Physical Examination

Hypercalcaemia has few physical examination findings specific to its diagnosis. Often it is the symptoms or signs of underlying malignancy that bring the patient with hypercalcaemia to seek medical attention.

The primary malignancy may be suggested by lung findings, skin changes, lymphadenopathy, or liver or spleen enlargement.

Hypercalcaemia can produce a number of non-specific findings, as follows:

  • Hypertension and bradycardia may be noted in patients with hypercalcaemia
  • Abdominal examination may suggest pancreatitis or the possibility of an ulcer
  • Patients with long-standing elevation of serum calcium may have proximal muscle weakness that is more prominent in the lower extremities and may have bony tenderness to palpation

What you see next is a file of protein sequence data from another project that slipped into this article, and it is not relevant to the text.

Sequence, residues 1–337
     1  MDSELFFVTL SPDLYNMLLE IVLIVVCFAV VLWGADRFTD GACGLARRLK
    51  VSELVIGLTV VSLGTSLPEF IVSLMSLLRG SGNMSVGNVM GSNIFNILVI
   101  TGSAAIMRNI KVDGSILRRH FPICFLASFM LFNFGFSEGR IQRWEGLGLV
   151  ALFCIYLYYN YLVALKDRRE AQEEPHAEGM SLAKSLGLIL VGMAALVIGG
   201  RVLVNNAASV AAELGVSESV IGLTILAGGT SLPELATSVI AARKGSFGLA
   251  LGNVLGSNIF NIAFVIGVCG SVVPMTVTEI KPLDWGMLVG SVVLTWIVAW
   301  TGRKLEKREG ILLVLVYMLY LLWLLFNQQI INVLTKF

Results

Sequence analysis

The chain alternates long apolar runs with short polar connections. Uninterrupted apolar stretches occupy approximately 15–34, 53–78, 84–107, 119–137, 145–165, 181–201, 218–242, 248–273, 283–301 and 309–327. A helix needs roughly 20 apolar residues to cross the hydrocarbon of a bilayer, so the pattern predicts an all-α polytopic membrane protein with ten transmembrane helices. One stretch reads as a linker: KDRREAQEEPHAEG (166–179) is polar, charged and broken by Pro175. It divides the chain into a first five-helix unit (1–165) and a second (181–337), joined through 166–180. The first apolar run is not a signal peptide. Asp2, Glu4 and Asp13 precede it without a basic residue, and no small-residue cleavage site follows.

• Hyporeflexia and tongue fasciculations may be present
  • Anorexia or nausea may occur
  • Polyuria and dehydration are common
  • Lethargy, stupor or even coma may be observed
  • Long-standing hypercalcaemia may cause band keratopathy, but this is rarely recognised in the emergency department

If hypercalcaemia is as a result of sarcoidosis, vitamin D intoxication or hyperthyroidism, patients may have physical examination findings suggestive of those diseases.